Some 60 percent of Americans -- nearly 160 million people -- get insurance through their jobs. Thanks to Obamacare, that number is about to nosedive.
The president's signature law is hiking the cost of health insurance for American businesses of all sizes. They're responding by dumping coverage for workers, spouses, and retirees.
Even though the employer mandate, which requires all firms with 50 or more full-time staffers to provide health coverage or pay a fine, has been delayed by one year, the employer health insurance market is slowly bleeding out.
A few weeks ago, 30,000 grocery workers in Washington state threatened to go on strike after several supermarket chains announced plans to drop health benefits for part-time workers.
Today, workers who put in as few as 16 hours are eligible for health coverage. But the stores say that they won't be able to afford coverage for part-timers once the employer mandate kicks in on January 1, 2015.
That's not surprising. Average annual employer-sponsored individual health insurance premiums are up 5 percent this year compared to 2012 -- to more than $5,800. The average employer premium for a family of four is north of $16,000.
In September, Home Depot announced plans to drop coverage for roughly 20,000 part-time workers. They'll have to shop for insurance in Obamacare's exchanges -- which are barely operational despite officially opening for business October 1.
Part-timers at Trader Joe's, Wegmans, and Universal Orlando will have to do the same.
They won't be alone. A National Business Group on Health survey found that one-fifth of big companies think their currently covered part-time workers could end up in the exchanges next year.
Obamacare is even taking away the benefits of full-time workers -- by encouraging their employers to cut their hours and rechristen them as part-timers.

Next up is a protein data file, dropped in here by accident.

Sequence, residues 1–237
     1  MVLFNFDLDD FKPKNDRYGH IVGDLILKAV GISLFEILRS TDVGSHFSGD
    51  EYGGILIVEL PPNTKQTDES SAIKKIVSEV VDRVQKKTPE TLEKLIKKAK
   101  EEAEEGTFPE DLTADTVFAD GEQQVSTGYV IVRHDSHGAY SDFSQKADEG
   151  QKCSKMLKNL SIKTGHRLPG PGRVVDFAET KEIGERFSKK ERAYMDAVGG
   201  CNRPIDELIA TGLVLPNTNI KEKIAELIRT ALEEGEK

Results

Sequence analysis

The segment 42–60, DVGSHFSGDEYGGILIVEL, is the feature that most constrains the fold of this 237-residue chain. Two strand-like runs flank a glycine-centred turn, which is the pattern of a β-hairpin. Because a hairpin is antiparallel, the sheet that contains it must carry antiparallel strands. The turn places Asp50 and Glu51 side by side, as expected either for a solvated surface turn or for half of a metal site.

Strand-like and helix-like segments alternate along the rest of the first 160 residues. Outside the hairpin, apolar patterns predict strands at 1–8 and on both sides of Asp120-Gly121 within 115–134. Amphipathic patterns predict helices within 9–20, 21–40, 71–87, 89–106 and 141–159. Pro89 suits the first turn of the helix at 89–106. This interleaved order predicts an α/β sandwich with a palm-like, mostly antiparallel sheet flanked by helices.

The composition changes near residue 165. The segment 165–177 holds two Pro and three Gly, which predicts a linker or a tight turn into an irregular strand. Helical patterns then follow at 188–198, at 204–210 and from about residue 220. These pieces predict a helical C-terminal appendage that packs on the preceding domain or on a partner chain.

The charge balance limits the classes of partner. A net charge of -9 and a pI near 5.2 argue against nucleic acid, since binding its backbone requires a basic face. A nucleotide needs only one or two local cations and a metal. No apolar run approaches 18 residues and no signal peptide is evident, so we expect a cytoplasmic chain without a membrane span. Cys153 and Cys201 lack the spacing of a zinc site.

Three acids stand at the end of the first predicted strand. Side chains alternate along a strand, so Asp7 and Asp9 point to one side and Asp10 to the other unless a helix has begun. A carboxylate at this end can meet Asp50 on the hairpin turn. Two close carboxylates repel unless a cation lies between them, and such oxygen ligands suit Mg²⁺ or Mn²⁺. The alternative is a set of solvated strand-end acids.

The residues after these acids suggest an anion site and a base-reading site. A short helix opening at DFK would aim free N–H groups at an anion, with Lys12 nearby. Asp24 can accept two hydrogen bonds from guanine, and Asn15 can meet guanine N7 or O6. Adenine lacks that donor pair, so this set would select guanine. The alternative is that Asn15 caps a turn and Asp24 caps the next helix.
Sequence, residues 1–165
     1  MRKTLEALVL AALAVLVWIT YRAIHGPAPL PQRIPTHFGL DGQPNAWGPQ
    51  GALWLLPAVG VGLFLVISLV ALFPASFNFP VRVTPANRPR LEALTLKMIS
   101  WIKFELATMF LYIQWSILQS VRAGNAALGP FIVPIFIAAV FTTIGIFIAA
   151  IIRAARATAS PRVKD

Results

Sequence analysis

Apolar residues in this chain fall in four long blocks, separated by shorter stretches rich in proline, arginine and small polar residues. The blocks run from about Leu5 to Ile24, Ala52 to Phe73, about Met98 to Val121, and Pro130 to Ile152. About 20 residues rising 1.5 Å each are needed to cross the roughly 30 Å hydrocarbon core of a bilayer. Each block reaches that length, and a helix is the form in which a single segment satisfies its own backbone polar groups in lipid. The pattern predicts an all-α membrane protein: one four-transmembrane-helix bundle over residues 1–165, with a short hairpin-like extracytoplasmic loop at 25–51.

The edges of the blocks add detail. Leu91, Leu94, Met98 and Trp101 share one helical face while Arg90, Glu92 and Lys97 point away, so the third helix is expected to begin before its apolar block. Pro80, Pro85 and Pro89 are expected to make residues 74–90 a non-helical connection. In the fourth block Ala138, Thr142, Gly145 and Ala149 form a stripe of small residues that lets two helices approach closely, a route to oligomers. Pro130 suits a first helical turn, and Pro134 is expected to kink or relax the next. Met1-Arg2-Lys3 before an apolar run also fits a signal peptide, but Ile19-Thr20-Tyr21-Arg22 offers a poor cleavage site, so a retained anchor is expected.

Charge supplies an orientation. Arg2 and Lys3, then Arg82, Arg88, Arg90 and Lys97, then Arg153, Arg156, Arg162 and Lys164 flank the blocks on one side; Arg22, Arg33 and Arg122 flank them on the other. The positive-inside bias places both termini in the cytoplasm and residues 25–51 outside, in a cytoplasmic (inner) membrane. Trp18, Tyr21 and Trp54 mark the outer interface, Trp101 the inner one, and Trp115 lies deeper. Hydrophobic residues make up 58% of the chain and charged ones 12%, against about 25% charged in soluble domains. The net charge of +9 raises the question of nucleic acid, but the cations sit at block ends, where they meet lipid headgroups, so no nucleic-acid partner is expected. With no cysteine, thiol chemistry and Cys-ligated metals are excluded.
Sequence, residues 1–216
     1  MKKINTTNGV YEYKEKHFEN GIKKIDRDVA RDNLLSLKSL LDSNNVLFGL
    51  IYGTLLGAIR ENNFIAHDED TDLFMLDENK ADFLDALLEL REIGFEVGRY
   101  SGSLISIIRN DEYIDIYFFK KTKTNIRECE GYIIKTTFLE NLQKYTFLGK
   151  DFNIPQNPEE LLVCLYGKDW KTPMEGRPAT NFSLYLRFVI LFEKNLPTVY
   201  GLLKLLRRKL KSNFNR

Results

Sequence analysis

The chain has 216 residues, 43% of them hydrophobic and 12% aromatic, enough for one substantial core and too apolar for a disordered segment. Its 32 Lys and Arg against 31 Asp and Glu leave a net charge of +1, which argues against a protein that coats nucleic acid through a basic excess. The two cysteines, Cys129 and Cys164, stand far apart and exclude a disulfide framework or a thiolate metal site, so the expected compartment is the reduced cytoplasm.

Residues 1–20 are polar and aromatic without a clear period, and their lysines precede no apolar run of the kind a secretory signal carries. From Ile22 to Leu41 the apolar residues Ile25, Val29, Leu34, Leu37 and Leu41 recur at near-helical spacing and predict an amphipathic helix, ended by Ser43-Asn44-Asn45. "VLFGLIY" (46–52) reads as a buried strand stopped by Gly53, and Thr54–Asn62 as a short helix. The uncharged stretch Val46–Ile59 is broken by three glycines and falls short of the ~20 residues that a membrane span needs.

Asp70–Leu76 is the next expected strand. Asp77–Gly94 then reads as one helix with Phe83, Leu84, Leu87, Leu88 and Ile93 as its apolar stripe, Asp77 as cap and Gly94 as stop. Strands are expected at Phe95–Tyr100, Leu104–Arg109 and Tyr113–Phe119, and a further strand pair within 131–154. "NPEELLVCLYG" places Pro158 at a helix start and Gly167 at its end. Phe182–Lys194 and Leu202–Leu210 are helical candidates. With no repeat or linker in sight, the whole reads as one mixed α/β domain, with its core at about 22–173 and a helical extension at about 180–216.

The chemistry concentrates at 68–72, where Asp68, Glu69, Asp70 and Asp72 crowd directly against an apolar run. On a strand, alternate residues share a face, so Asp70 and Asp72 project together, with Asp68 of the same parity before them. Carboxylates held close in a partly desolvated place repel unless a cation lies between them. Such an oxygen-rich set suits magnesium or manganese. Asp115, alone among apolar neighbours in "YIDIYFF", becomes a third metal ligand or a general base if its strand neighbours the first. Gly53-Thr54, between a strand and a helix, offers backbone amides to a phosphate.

The law defines "full-time" as working 30 or more hours per week. So many firms are carefully watching their employees' hours to ensure that they don't cross that threshold.
Clothing retailer Forever 21 revealed in August that it would reduce hours and change some full-timers to part-timers. Seaworld now limits part-timers to 28 hours per week -- rather than 32, as before.
A survey conducted by the nonprofit International Foundation of Employee Benefit Plans found that 15 percent of employers subject to the mandate planned to cut hours in order to reduce the number of people they'd have to cover.
Spouses also are learning firsthand how Obamacare will destabilize their families' benefits.
In August, shipping giant UPS said that it would drop coverage for about 15,000 spouses who have access to benefits at their own jobs. The reason? "Costs associated with the Affordable Care Act," the company said.
According to a Towers Watson survey, 12 percent of employers plan to drop coverage for spouses next year, up from 4 percent this year.
Retirees, too, will increasingly find themselves pushed into Obamacare's exchanges. Consulting firm Aon Hewitt found that nearly two-thirds of the companies it surveyed plan to "review their retiree health care strategy in light of health care reform."
To fight back against Obamacare-fueled cost increases, many companies are turning to consumer-directed health plans, which typically pair low-premium, high-deductible policies with tax-advantaged Health Savings Accounts (HSAs).
These plans empower patients to take control of their care. They can save money tax-free in their HSAs and use the proceeds for co-payments and other out-of-pocket costs. The high-deductible policy, meanwhile, protects them in the event of a medical catastrophe.
And because patients actually own their healthcare dollars, they have strong incentives to spend wisely. That dose of market discipline helps lower overall health costs.
About one in five workers was enrolled in an HSA plan this year, according to the Kaiser Family Foundation, up from zero in 2005. HSAs are now the second-most popular employer-provided plan. Aon Hewitt says that they could become the leader within three to five years.
Unfortunately, Obamacare attempts to squash this consumer-directed approach by capping deductibles and requiring all policies to cover a wide array of expensive benefits. The law's supporters claim that its rules will ensure that patients get high-quality coverage.
But as the turmoil in the employer-sponsored insurance market demonstrates, Obamacare may instead ensure that Americans get no coverage at all.
Sally C. Pipes is President, CEO, and Taube Fellow in Health Care Studies at the Pacific Research Institute. Her latest book is The Cure for Obamacare (Encounter 2013).